But one of the initial things that was announced this past weekend is that FIBA has introduced an initiative aimed at keeping the top US women's team players here instead of going abroad and this would be an expanded game and training camp schedule leading up to, say, the Olympic games. It's a quest to win a seventh medal.
Like I said, it's really designed to keep some of the top talent home. They've already unveiled eight names including Nneka, including Sue Bird, including Elena Delle Donne. There's eight names already on the list. There's four other spots up for grabs and this is a pilot program that would look to sustain their salaries during the offseason and in the run up to the Olympics to make them more like the women's national soccer team.
It'll be very interesting to see how that plays out but the announcement, to me at least, made me cautiously optimistic that there was some end in thought and thinking about how can we sustain and help grow the sport as well as compensate and give resources to our women's national team players. So, that was exciting and I can't wait to dive more into that and look at that more closely in the upcoming weeks.
Shireen: I have a question. Is that also hoping to prevent them from traveling overseas in the offseason? We know Briana Stewart got injured.
Amira: Yes, that's what I meant by keeping them home.
Shireen: So their bodies aren't being used 12 months of the year so they can survive financially.
Amira: Right, exactly.
Shireen: That's great. I hope that works out. That's important.
Brenda: I just want to say that the small person, child, I assume that was wearing a Burn It All Down shirt was also wearing a unicorn skirt. Can we just say that the unicorn mixed with the giant flames is the best ever? There's something-
Amira: It's the mash up you never knew you needed.
Brenda: Exactly. There's something amazing about unicorn plus giant incinerator for all the garbage in sports. I feel like it's garbage in sports, incinerator, here comes the unicorn. Thank you, little junior flamethrower for making our weekend.
Now, given this week which has been incredibly important for Puerto Rico and has seen the resignation of a governor and mass public protests and some very important celebrities coming out in favor and some very important celebrities sitting down, we wanted to talk a little bit about colonialism in sport. Amira, do you want to start us off?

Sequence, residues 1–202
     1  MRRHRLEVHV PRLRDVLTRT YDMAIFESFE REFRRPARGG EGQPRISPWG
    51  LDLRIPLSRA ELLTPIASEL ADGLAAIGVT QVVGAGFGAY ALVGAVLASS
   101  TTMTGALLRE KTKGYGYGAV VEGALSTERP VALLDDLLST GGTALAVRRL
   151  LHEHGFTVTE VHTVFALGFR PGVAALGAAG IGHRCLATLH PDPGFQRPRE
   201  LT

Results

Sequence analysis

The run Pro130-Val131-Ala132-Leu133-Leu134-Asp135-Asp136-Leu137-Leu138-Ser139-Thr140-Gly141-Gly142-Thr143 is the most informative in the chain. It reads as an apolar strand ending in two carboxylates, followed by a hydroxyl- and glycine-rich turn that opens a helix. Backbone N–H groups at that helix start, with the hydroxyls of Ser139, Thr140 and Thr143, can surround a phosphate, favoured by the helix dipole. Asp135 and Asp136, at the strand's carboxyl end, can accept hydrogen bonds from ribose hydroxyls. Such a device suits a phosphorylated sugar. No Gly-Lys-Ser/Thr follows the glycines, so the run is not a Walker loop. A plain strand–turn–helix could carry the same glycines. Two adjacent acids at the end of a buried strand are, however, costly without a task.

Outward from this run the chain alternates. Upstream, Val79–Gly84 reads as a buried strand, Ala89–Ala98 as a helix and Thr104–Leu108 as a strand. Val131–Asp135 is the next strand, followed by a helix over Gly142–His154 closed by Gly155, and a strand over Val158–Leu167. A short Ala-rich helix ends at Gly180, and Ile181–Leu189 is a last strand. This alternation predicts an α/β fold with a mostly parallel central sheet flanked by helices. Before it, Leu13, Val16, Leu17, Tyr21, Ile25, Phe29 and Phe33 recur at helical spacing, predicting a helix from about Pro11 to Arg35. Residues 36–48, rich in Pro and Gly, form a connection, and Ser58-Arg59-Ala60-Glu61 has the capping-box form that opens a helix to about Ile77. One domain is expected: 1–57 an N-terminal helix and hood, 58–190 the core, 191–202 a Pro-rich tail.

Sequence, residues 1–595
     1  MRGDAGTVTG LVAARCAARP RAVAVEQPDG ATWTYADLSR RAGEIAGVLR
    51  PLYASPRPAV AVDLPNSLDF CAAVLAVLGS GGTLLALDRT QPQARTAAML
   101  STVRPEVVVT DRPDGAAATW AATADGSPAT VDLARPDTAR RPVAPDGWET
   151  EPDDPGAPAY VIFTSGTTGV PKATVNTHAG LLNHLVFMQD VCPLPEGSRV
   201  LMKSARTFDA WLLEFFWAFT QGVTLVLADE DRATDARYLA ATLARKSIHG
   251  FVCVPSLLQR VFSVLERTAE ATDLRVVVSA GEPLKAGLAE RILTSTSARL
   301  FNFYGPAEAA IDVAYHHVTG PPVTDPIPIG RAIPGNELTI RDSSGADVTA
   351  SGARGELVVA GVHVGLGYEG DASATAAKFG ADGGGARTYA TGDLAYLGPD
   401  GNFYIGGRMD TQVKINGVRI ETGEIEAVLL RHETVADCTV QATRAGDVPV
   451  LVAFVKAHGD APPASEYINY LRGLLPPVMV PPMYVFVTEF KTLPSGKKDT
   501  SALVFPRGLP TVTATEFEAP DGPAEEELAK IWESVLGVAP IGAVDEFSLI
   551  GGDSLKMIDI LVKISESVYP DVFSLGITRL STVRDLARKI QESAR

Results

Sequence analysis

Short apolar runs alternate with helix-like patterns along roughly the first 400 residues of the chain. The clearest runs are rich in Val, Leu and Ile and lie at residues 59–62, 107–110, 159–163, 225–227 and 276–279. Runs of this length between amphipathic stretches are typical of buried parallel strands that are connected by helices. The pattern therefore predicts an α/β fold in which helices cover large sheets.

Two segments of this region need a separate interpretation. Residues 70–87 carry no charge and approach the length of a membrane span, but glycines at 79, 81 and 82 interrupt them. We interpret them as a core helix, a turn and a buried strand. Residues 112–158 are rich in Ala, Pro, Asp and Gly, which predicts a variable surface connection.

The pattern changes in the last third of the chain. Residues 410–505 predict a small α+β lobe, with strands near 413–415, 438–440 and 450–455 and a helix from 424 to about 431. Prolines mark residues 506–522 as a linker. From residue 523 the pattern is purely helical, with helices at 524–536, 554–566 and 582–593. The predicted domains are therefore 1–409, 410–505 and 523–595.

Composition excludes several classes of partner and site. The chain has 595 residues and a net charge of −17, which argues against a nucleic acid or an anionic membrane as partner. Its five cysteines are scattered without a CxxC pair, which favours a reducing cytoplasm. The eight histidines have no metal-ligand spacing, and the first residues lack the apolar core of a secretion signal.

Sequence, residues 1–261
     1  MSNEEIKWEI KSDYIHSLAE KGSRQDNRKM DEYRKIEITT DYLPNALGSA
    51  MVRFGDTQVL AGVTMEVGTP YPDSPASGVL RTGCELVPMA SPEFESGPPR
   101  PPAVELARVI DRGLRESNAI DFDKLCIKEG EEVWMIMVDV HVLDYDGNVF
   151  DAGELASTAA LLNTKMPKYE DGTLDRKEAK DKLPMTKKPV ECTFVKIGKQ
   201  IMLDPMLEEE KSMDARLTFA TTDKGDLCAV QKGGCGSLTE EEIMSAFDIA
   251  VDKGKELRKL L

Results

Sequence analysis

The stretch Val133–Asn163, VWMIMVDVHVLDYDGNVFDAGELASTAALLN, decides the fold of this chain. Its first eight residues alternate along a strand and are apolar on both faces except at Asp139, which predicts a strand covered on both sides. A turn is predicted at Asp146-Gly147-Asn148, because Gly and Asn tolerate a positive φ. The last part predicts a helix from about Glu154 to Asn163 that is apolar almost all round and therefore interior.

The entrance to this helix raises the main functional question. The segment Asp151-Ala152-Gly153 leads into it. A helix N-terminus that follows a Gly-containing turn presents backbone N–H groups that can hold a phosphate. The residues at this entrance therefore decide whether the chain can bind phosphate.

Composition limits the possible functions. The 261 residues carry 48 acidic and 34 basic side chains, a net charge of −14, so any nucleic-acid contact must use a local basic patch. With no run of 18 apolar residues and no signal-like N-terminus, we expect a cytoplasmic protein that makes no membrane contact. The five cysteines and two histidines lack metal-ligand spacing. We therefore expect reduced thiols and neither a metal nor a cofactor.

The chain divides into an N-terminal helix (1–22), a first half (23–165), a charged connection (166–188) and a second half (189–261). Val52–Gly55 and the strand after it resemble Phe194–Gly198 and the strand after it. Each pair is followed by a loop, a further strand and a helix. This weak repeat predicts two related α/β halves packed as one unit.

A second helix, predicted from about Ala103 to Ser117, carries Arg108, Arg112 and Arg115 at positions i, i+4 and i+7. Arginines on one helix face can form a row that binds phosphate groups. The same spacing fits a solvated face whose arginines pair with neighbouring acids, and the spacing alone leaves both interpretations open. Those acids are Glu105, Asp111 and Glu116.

Amira: Yeah, I certainly do. There's an image trending that has been circulating online this past week that really speaks to the heart of what we wanted this conversation to be about. It's an image by Vienna Rye, she posted it on her Instagram, we'll link it to the show notes, that was a beautifully composed image that said, "From Hawaii to Puerto Rico, US colonialism must end."
It was a mash up picture of people protesting in both Hawaii and Puerto Rico. Now, if you've been paying attention to the news or you might've seen images over the last week and a half or so, you'll have seen people take the streets in both Puerto Rico as well as Hawaii and across both of those diasporas in solidarity for various reasons.
In Hawaii, you have the protest centering around the protection of Mauna Kea, which is a sacred spot in Hawaii. It's also the tallest point. It's believed that's where the spiritual connection from the gods to the land in Hawaii is. It is tantamount to putting a three million dollar telescope the size of three football fields on the Vatican.
That is one of the protests that we've seen happening as people, elders, spiritual elders have come to literally lay their bodies on the line and protect a sacred space while this massive telescope that is being bankrolled by the government as well as 30 universities, check the list, see if your school is implicated on it, are combining to fund this massive, massive project in a site that disrupts the spiritual connection that many have to the land.
Then in Puerto Rico, a protest that started by calling for the resignation of the governor of Puerto Rico. You may have seen the hashtag #RickyRenuncia and then that turned to #RickySeFue after he finally announced his resignation, yay, as of August 2nd.